Hitting All the Universal Notes
Catching up with the composers behind some of this year’s best animated movie scores. by Michael Mallory
With the checkered flag about to be waved on the 2019 Academy Award race, the list of likelies for the Best Animated Feature category not only contains several of the usual suspects, but has some familiar sounds as well, courtesy of their musical scores. While the nominees have yet to be announced, certain films have risen above the pack as top contenders, both artistically and musically.
Not surprisingly, two big sequels top the sure-bet list: Disney/pixar’s Incredibles 2 and Walt Disney Animation’s Ralph Breaks the Internet. Both of their predecessors, 2004’s The Incredibles and 2012’s Wreck-it Ralph, took home the Oscar for Best Animated Feature. Composer Michael Giacchino, whose jazz-infused score for the first Incredibles was felt by some to have been snubbed in that year’s Best Original Score race, has returned for the sequel. This time around, though, Giacchino made a point of not revisiting the past in terms of the music. “I wanted to take a fresh approach,” he says. “Brad [Bird] and I knew we were going to use the main theme of course, but I still wanted it to have a different vibe while it stayed in the same vein and character.”
Giacchino also had the opportunity to create more specific character themes. “I was most excited that I got to write a theme for Elastigirl because she plays a much larger role in the movie this time,” he says. “For the first film, Helen’s music came under the umbrella of the family’s theme. The other really fun part was writing the TV theme song jingles for each of the characters that will show up in the end credits.”
Henry Jackman, who scored Wreck-it Ralph, likewise returned for Ralph Breaks the Internet. While it might seem easier to score a follow-up film, since the character motifs already
— Composer Masakatsu Takagi, Mirai
exist and can be reused, Jackman points out that the opposite is true. “There’s about threeand-a-half minutes of music that is specific to the first movie,” he says, “but other than that, it’s back to the drawing board to come up with a whole new set of ideas and sound.”
Jackman expanded on the melding of traditional orchestral and electronic music used to underscore the digital characters in Wreck-
It Ralph. “The difference is, in the first movie they’re in the nostalgic, 8-bit world of sticking a coin in an arcade game,” he says. “In Ralph Breaks the Internet, as soon as they get to the Internet it is so much 2018 with a lot of the sounds from more modern synths and plug-ins. I wanted to use a kind of harmony that doesn’t regularly show up in electronic music, a kind of chord that produces the feeling of wonder you might get if you’re flying over Hogwarts, except that it’s being used with electronics.”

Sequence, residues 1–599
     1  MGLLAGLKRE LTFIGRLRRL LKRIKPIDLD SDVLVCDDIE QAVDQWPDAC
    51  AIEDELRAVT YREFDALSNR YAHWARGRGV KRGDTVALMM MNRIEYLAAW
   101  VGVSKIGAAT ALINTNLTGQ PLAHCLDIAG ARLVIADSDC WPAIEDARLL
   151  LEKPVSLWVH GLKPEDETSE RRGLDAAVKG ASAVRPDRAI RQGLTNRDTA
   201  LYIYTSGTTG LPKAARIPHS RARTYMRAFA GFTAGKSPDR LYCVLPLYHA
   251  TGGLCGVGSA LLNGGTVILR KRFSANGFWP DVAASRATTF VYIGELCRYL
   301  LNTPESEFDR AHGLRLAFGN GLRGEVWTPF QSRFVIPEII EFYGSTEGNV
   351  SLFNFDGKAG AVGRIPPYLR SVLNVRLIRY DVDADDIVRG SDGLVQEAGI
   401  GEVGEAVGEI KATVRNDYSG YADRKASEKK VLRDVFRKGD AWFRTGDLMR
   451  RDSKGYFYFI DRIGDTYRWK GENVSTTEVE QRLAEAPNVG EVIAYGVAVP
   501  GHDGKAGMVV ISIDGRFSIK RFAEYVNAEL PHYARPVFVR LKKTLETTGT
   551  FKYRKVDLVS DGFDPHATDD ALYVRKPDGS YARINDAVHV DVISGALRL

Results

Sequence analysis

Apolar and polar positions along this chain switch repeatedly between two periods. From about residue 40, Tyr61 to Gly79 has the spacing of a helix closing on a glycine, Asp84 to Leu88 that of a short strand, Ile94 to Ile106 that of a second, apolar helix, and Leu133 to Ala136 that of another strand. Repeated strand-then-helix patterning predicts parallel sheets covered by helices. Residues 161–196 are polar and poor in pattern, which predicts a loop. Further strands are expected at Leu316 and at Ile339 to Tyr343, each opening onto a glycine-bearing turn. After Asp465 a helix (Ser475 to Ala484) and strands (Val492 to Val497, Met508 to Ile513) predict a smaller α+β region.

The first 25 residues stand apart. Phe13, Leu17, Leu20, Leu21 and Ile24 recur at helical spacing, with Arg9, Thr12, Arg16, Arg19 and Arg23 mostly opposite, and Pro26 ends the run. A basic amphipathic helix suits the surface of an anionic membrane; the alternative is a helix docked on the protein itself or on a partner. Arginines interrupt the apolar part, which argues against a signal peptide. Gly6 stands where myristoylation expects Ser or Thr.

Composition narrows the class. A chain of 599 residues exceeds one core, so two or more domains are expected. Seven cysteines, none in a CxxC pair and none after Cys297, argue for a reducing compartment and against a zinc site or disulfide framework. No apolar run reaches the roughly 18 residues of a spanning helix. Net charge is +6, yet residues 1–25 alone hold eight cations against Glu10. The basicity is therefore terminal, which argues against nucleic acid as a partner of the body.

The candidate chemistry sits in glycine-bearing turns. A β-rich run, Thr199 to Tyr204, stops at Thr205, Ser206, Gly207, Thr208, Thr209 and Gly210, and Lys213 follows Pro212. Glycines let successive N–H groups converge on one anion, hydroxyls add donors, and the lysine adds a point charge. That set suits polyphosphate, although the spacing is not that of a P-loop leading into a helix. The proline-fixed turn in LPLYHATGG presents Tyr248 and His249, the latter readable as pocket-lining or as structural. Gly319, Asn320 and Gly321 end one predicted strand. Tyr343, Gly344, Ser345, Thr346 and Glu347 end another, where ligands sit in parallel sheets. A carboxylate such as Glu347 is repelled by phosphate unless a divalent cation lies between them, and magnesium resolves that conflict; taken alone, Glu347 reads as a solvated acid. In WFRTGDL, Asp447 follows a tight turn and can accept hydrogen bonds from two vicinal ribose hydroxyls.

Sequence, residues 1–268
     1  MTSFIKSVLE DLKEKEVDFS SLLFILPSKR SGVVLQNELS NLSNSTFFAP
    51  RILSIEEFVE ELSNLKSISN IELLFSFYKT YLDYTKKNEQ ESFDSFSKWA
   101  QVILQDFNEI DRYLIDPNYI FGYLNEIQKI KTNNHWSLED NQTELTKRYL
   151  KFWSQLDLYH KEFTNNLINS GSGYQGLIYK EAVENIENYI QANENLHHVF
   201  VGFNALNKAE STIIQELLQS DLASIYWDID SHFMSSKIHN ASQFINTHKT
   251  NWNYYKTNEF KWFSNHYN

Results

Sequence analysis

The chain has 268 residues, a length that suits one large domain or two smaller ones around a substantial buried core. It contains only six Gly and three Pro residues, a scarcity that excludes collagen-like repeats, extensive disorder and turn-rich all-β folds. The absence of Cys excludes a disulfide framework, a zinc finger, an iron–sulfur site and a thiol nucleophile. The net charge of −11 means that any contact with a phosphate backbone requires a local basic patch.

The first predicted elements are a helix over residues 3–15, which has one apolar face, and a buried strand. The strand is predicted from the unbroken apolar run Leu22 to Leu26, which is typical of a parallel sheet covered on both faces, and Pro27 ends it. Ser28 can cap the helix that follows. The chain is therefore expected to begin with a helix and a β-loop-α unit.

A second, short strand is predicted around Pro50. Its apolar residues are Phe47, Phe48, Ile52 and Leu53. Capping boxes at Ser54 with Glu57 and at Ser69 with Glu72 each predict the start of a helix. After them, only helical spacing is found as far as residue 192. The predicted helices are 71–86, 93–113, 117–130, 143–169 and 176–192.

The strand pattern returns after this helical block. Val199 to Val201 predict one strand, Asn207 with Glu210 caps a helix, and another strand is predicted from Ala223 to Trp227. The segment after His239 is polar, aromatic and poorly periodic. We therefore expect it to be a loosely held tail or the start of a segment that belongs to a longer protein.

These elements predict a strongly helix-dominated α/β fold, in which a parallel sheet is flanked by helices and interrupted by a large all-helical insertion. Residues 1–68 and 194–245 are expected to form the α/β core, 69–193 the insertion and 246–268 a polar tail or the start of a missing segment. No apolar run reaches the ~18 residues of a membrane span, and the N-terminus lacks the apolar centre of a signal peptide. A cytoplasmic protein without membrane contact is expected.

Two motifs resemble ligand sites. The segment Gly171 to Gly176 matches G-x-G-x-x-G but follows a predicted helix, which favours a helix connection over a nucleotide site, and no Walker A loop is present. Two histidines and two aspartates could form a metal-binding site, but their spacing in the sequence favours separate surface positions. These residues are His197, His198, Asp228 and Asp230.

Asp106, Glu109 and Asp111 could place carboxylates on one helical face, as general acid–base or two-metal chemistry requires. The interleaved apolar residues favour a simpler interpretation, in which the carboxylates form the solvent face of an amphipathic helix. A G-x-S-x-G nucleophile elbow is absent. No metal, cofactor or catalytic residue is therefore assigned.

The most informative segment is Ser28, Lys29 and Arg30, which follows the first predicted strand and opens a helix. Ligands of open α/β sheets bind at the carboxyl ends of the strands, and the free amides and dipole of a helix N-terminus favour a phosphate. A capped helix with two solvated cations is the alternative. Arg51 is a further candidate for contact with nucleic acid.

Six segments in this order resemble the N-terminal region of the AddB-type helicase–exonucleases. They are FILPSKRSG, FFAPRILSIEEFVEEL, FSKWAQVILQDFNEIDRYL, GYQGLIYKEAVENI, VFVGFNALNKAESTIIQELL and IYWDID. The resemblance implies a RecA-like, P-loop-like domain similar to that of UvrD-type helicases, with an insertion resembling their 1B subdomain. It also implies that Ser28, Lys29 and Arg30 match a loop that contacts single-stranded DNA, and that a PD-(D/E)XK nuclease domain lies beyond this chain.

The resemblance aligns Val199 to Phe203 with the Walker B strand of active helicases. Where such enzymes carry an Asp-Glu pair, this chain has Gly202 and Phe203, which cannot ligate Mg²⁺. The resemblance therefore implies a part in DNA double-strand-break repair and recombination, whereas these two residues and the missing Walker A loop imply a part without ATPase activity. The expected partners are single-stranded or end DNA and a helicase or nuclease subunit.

A specific example of such sonic melding is a scene in which John Williams’ “Imperial March” theme from the Star Wars films dissolves into a Disney Princess theme. While permission to quote Williams’ actual theme was not automatically covered under Disney’s ownership of Lucasfilm, the licensing effort was made to make the “in-joke” work. “Thankfully, because it’s such a huge film, it wasn’t such a problem,” Jackman says.
Part of His World
Out of all the leading contenders, none features a more familiar character than Sony Pictures Animation’s Spider-man: Into the Spider-verse. Not only has its bold graphic look captivated audiences, it also informed the musical score written by Daniel Pemberton. “Coming up with a new, original take on Spider-man is not an easy thing to do,” he admits, “but I was very inspired by the look and feel of the film and wanted to try and get that across in the score. I wanted it to completely feel a part of [lead character] Miles Morales’ world.”
Pemberton says that three elements combined to create the hip-hop flavored score: a standard eighty-piece orchestra, electronics and a scratch turntable. “For a lot of this score we did something very complicated and ambitious,” he says. “We recorded a mix of elements — anything from synth to full orchestra — and then did the modern equivalent of outputting them onto vinyl, and re-scratching them into the mix. Then we would edit and remix the track again until we had something I was happy with.” To create a driving percussive beat, Pemberton even scratched the sound of an aerosol can being sprayed.
Magical Sounds of Japan